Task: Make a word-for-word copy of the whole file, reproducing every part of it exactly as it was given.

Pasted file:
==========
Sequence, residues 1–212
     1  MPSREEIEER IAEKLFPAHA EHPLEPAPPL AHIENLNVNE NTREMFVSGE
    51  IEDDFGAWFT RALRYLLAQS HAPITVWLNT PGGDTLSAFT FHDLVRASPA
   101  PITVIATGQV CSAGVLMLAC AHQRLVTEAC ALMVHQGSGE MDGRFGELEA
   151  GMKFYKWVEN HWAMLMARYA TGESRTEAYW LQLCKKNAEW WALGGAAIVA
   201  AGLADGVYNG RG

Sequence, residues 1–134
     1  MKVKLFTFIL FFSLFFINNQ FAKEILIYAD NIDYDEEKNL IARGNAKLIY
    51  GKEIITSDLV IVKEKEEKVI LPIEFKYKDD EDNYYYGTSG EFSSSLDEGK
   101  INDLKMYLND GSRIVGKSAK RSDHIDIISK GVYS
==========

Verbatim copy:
Sequence, residues 1–212
     1  MPSREEIEER IAEKLFPAHA EHPLEPAPPL AHIENLNVNE NTREMFVSGE
    51  IEDDFGAWFT RALRYLLAQS HAPITVWLNT PGGDTLSAFT FHDLVRASPA
   101  PITVIATGQV CSAGVLMLAC AHQRLVTEAC ALMVHQGSGE MDGRFGELEA
   151  GMKFYKWVEN HWAMLMARYA TGESRTEAYW LQLCKKNAEW WALGGAAIVA
   201  AGLADGVYNG RG

Sequence, residues 1–134
     1  MKVKLFTFIL FFSLFFINNQ FAKEILIYAD NIDYDEEKNL IARGNAKLIY
    51  GKEIITSDLV IVKEKEEKVI LPIEFKYKDD EDNYYYGTSG EFSSSLDEGK
   101  INDLKMYLND GSRIVGKSAK RSDHIDIISK GVYS